Whenever I lead worship I always notice that a certain percent of the congregation doesn’t sing. Even in churches that love to sing, there are always 10-30% of the people who just stand with no movement or expression. That used to bother me, but I’ve learned there are many reasons for this and I can’t judge. I do pay attention to know if even the faithful singers have stopped singing to be sure it’s not a musical issue like the pitch is too high or low. Otherwise, I assume one of the following are true:
- Some believers are unable to participate for health reasons
- Other believers don’t sing well and don’t want to assault those around them
- Seekers and skeptics won’t sing something they don’t yet believe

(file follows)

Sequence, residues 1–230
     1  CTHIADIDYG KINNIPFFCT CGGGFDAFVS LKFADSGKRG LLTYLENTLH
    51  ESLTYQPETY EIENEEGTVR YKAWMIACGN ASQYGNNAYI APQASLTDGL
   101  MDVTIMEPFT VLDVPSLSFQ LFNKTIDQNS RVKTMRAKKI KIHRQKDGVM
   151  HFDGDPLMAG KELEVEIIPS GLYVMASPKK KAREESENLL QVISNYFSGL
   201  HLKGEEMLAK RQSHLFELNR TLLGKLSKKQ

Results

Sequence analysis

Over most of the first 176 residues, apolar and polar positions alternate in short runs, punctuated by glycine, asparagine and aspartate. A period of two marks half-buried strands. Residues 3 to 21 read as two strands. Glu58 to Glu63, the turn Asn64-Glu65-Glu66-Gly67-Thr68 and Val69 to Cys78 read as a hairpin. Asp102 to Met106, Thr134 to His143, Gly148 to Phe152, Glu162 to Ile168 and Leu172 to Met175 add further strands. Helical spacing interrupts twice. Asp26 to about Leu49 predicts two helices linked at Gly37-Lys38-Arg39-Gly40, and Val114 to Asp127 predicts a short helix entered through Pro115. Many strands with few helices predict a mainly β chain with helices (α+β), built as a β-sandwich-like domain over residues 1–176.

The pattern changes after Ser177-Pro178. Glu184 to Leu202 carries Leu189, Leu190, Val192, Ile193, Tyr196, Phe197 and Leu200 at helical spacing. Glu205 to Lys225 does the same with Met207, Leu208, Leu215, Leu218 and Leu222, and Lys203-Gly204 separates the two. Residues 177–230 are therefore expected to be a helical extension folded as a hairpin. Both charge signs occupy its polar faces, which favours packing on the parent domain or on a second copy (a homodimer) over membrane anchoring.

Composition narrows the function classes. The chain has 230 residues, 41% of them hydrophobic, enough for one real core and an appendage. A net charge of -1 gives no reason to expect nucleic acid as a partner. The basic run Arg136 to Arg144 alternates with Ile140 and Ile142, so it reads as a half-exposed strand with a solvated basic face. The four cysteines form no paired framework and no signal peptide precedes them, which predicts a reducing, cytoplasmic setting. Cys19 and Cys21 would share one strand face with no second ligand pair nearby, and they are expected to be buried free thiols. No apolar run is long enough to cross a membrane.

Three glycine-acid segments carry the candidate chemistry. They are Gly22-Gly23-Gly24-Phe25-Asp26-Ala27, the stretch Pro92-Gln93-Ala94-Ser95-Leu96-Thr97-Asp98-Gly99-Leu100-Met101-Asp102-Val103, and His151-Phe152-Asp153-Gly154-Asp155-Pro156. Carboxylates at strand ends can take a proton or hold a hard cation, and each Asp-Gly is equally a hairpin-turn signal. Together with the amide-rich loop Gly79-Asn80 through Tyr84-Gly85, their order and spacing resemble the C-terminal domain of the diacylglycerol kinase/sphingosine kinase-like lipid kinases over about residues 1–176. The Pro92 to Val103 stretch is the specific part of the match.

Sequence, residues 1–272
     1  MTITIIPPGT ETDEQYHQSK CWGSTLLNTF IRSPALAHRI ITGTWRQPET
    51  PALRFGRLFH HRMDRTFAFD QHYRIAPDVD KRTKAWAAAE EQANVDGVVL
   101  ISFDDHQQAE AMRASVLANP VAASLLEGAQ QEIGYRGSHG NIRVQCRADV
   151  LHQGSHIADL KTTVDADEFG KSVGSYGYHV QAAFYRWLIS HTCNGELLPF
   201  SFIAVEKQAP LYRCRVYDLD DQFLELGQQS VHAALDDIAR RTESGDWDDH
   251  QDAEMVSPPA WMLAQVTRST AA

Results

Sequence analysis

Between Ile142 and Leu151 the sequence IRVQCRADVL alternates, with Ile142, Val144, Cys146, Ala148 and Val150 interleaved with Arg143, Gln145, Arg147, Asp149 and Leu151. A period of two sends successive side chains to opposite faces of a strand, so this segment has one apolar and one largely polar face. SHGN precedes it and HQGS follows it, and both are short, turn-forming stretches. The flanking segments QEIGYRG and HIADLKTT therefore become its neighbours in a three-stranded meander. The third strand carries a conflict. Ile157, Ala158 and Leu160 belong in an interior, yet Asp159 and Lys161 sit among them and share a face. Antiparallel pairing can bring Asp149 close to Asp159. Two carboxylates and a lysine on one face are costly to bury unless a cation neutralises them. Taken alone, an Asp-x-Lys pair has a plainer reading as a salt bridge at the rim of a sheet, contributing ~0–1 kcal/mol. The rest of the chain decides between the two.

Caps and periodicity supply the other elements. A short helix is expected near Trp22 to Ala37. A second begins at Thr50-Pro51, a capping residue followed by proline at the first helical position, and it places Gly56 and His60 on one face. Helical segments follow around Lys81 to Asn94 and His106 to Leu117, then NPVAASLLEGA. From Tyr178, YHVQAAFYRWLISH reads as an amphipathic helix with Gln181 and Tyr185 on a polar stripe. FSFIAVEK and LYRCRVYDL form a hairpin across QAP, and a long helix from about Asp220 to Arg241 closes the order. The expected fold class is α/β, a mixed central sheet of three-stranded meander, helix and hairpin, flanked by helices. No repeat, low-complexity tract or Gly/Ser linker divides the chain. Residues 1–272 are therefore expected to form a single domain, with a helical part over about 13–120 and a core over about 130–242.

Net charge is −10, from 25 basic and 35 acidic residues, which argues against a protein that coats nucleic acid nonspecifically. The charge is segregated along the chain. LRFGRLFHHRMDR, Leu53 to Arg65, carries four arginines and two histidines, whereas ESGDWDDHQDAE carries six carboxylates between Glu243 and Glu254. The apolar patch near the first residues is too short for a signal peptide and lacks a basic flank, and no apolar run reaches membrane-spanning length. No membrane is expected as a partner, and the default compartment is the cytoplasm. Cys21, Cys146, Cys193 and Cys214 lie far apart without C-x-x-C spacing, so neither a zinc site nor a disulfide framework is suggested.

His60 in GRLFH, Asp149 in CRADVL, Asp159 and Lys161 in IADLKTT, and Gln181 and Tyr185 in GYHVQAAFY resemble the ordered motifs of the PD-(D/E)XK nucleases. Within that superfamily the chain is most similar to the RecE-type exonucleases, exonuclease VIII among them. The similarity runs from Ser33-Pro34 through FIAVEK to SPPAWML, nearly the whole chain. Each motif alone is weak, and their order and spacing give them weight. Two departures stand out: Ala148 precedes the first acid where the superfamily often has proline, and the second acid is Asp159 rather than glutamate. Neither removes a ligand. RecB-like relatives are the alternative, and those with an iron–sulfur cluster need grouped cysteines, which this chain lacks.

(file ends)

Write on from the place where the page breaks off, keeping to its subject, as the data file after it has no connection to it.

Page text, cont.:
- Some people just don’t like music – I lived with a family once who didn’t own a stereo or any music.
I’m reminded of Jerram Baars, professor of art, culture and worship at Covenant Theological Seminary. His wife is a gifted musician, but he cannot tolerate listening to her and not it’s not why you suspect. He has a hearing impairment that it makes it excruciatingly painful to listen to music. In fact, he has to leave the sanctuary during the musical portions of a service. Because of his wife and his deep love for culture, this is particularly painful for Jerram to not be physically present. Living with this condition enables him to speak more directly to the nature of true worship without getting lost in the debates over musical style.